Having said that (and I realize this comment is already too long, without being nearly long enough to adequately explain what I am trying to say!) it is important that grace gifts find a place to be expressed. How that would work in the case of someone like Amy would be interesting to explore; but it is worth noting that she has spoken at seminars at the Newfrontiers leaders conference, which is more than most Newfrontiers (male) elders get to do…

  2. cndo, thanks for the link. I have read a little of Tom Wright on this before, but I’ll have a look at the article.

    Matt, I tend to agree with you that the Bible puts the burden of teaching/preaching in the church onto the elders. In fact, I can only think of a few reasons why a local church would invite someone to preach who is not an elder: a visiting speaker, training up of future leaders, and perhaps if someone had particular expertise in a particular area (e.g. medical ethics). And I say that as someone who is not an elder, but who nevertheless appreciates occasional opportunities to preach both at my own church and further afield.

    I remember hearing John Hosier at the Brighton conference a couple of years ago mention in passing that he felt there were contexts in which a woman could preach, but he never elucidated on the matter. I suspect he meant a similar thing – that the main preaching & teaching ministry of the church is normally and primarily carried out by the (male) eldership, but occasionally others will bring the Bible ministry for a variety of reasons.

  3. I have been in New Frontiers churches for ten years and have frequently experienced men who are not elders preach on a Sunday. I have only heard a women ( joint preach with husband once)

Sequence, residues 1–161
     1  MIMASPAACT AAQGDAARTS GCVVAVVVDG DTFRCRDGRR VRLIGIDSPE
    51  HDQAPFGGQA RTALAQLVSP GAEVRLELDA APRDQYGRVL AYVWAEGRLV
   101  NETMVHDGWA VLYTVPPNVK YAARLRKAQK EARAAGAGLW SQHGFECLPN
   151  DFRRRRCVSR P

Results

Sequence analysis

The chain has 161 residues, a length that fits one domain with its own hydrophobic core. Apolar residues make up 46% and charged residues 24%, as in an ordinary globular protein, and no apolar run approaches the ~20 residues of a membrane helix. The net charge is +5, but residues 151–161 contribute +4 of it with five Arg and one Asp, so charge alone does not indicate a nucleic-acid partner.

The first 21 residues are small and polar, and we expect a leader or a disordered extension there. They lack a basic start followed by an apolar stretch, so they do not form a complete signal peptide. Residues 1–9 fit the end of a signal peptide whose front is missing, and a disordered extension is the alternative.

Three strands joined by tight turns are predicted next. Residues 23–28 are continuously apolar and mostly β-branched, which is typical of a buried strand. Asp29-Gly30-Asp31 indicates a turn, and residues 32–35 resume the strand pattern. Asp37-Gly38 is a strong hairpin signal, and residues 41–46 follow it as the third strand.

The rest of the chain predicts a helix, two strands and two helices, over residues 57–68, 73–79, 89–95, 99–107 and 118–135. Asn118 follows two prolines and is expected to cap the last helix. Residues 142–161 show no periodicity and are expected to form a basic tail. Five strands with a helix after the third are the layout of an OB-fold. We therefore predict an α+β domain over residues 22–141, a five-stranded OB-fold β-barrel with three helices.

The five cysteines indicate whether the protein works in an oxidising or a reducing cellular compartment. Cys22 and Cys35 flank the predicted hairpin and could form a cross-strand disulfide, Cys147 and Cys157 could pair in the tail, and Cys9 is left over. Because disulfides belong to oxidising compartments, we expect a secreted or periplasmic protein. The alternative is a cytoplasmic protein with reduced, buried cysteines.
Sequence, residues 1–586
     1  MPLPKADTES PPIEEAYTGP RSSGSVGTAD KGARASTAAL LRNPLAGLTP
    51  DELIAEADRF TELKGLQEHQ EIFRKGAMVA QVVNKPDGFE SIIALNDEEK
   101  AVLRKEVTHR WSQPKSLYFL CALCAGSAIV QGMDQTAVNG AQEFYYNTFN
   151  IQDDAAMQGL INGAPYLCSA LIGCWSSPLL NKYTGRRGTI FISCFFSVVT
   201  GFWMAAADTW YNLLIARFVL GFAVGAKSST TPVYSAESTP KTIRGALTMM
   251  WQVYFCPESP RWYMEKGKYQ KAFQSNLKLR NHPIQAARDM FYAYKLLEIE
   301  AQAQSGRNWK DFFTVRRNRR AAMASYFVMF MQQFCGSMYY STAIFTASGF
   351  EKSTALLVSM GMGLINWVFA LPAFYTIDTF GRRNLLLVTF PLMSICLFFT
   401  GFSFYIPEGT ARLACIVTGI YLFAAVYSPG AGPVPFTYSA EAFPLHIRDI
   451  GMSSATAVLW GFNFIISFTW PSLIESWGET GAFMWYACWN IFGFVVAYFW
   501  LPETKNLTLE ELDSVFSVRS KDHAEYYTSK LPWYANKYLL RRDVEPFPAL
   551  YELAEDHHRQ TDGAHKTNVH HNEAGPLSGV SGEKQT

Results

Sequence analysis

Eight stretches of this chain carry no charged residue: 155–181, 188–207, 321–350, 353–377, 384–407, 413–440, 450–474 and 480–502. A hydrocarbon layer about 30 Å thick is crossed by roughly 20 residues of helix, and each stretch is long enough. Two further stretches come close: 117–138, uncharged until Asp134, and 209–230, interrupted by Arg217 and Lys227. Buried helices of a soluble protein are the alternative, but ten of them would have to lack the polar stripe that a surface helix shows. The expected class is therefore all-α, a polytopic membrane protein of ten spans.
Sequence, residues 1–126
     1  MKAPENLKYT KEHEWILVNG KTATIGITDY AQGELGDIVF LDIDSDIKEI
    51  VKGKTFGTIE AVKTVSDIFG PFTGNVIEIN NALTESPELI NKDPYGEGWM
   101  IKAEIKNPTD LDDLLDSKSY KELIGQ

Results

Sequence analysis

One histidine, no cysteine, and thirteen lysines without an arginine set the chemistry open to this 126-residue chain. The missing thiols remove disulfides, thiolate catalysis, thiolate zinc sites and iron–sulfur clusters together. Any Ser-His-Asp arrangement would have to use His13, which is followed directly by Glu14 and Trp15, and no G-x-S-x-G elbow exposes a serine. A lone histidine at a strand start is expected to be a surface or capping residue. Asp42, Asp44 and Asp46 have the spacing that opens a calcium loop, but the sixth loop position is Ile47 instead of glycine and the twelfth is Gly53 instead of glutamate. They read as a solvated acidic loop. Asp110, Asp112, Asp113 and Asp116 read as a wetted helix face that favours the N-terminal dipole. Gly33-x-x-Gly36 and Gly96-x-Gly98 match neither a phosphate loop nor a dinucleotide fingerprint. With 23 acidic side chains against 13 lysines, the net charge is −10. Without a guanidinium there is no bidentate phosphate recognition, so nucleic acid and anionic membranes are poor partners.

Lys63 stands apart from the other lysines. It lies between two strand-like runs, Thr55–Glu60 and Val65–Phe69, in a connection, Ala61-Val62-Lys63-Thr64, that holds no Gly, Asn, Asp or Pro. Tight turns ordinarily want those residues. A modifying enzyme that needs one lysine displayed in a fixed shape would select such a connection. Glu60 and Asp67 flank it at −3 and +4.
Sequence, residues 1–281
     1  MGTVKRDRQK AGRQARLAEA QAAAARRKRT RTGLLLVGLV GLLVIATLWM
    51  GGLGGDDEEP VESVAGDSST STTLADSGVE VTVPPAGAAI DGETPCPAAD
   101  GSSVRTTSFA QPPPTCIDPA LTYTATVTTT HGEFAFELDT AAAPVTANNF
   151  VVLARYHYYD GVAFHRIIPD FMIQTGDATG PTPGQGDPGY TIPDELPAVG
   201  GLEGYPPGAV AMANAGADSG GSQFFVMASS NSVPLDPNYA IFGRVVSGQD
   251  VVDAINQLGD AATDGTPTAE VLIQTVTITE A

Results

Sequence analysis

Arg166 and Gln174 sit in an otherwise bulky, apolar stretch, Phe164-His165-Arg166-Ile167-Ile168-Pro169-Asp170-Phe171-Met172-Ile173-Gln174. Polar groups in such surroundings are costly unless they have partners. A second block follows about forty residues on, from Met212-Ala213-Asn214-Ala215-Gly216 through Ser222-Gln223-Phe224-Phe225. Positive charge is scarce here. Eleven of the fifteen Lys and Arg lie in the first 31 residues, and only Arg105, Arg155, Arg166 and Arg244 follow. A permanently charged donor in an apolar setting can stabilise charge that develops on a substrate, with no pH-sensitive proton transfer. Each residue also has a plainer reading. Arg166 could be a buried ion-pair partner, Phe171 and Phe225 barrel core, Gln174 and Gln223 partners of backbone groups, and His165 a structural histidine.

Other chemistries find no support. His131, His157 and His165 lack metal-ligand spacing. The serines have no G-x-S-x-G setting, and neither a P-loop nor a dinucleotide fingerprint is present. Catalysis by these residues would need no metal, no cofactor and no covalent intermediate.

When are things going to change.

  4. Matt, I’ve fixed your comment. I had a feeling you might have heard of John ;)

    Mad – I think that would be typical of newfrontiers churches, but I don’t personally believe there should be an ideal split of 50/50 like many seem to want. I’ll perhaps post a bit more about this at another time, but it seems to me that even in the NT, the bulk of teaching was carried out by men (perhaps even all – many of the egalitarian “proof-texts” are tenuous to say the least).

  5. Mad – You make a fair point, and it is the kind of point that has led to me hardening my stance on who gets to preach in the church where I am an elder. There would be some theological arguments as to why men who are not elders get to preach while women don’t, but my pragmatic one is that when I do (occasionally) have non-elders preach it is those men who have potential to be elders.

    cndo – Wright is always profitable reading! I think an important observation though is that he comes from an episcopalian tradition, where the main issue was who got to administer the eucharist. Our (dare I say it) Presbyterian system is very different because the issue has always been that churches should be led by teams of elders; and who gets to serve communion was never an issue as we see it as a shared meal of remembrance, not a priestly function. Also, the point about Saul in Damascus is a bit of a red herring – if a persecutor came to my church and wanted to take out the key influencers there would be women as well as men in the number.